Aldesta Hotels Australia sales and marketing manager Karen Sweeney and vice president Tony Barradale officially launched the reopened Wilson Island on October 31.
Aldesta Hotels Australia sales and marketing manager Karen Sweeney and vice president Tony Barradale officially launched the reopened Wilson Island on October 31.

Bookings coming in fast for exclusive island getaway

EVEN before the first guests set foot on the white sand at Wilson Island, bookings for the reopened resort have exceeded expectations.

After being closed for six years, the Southern Great Barrier Reef island was officially relaunched this week by owners Aldesta Hotels Australia.

The nine beachfront tents that add to the "reef safari" experience are filling up with bookings three times higher than expected.

Wilson Island will reopen on November 1. Images on and around the island.
Wilson Island will reopen on November 1. Images on and around the island.

Sales and marketing manager Karen Sweeney said the island was heavily booked until January 27 when it will close until March 31 for the bird breeding season.

"It's such a unique product where you're fully immersed into the Great Barrier Reef experience," she said.

"We've had very strong inquiries ... before it was even open we had a waiting list."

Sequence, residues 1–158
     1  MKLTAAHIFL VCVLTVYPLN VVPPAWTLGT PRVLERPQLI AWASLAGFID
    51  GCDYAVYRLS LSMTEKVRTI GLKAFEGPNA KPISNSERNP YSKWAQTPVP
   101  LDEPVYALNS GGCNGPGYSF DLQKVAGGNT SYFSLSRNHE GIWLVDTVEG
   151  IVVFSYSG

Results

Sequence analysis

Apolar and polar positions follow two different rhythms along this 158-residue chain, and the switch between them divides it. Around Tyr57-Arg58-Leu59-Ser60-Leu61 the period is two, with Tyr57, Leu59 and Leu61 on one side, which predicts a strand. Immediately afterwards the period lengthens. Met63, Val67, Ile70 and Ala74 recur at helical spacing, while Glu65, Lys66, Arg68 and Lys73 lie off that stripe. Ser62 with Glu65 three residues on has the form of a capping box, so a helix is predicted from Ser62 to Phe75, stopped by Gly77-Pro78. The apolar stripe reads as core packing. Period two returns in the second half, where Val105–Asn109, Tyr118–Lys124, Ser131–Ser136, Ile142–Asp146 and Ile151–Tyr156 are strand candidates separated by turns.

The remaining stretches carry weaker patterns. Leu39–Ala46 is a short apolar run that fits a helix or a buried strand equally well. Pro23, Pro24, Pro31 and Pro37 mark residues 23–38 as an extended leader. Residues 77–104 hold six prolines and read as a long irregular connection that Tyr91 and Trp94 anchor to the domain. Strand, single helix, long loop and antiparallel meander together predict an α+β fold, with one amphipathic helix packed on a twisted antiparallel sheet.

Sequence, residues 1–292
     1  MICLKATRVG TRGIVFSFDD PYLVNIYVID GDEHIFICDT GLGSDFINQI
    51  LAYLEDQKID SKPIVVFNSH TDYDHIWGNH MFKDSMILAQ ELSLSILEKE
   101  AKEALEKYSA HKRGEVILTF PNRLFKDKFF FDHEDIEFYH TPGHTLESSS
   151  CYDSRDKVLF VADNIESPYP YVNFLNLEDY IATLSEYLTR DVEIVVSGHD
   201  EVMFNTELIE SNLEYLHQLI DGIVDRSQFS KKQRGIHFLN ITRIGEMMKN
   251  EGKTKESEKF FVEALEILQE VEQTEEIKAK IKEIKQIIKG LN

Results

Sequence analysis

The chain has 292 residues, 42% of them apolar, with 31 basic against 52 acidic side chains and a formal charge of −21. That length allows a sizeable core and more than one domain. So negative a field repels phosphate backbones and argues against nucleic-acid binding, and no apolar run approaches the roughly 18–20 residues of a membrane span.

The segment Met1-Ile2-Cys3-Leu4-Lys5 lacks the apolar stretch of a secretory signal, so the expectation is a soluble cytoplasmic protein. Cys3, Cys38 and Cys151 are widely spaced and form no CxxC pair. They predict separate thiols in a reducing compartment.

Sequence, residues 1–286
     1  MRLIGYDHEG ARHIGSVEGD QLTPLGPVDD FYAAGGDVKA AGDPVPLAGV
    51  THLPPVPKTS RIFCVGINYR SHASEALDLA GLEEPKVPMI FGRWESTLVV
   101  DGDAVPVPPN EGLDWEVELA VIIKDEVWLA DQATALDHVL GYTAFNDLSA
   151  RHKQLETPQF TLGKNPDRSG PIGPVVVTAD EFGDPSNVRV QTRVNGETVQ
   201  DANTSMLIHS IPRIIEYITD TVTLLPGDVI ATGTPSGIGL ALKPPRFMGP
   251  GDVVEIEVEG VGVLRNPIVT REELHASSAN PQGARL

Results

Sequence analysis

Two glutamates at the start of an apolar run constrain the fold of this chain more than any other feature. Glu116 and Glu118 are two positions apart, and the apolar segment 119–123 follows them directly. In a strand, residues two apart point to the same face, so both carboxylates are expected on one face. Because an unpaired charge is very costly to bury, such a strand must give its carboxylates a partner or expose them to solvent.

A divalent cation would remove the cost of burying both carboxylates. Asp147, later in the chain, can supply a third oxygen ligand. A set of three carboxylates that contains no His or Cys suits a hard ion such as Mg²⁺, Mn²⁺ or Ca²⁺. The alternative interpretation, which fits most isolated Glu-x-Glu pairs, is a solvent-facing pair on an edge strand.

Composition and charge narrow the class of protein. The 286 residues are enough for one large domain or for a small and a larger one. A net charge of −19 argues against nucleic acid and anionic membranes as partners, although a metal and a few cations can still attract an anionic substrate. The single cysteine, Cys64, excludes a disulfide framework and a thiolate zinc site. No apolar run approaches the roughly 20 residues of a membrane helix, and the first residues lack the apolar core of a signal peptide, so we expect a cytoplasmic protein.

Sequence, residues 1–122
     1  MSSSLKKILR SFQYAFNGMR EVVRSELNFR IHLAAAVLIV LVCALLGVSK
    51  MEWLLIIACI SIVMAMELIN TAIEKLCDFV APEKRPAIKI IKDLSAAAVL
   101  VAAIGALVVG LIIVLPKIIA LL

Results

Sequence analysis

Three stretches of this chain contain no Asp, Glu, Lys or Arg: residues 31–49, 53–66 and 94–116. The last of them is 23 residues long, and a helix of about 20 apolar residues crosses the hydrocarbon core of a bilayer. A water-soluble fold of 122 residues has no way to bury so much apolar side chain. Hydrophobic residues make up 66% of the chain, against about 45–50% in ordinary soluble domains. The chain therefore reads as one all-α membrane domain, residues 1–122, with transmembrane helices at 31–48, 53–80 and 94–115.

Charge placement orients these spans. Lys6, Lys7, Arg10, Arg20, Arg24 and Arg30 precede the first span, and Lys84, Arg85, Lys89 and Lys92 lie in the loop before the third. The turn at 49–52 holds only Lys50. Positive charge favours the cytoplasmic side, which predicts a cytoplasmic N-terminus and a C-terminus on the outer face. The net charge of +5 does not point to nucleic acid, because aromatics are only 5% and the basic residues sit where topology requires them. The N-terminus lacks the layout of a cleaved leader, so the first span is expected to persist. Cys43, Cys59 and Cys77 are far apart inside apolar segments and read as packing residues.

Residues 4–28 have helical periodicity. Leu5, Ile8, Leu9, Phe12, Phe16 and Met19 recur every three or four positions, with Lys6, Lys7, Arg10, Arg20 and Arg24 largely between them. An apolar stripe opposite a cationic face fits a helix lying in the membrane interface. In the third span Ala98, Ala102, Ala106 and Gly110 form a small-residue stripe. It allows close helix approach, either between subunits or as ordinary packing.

She said a big drawcard was the exclusivity of only having 18 guests at once, and the snorkelling off the beach.

Two options of travel to Heron Island from Gladstone include the seaplane from Australia by Seaplane and the Heron Islander catamaran.
Two options of travel to Heron Island from Gladstone include the seaplane from Australia by Seaplane and the Heron Islander catamaran.

"At Wilson Island the water quality is next level, it's about 18m.

"The best snorkelling is at low tide when you can really see the incredible 5m wide Wilson bommie."

The recently reopened Wilson Island in the Southern Great Barrier Reef.
The recently reopened Wilson Island in the Southern Great Barrier Reef.

Aldesta Hotels Australia vice president and Heron and Wilson Island general manager Tony Barradale said they also hoped to encourage more tourists to explore the reef.

"People will see that (the reef) is alive and well," he said."Tourism is an essential part of getting people to the Great Barrier Reef.

"While some say too much tourism could be a bad thing, I disagree, I think when done right ... it will only benefit the reef for the long-term."

This journalist attended the opening as a guest of Aldesta.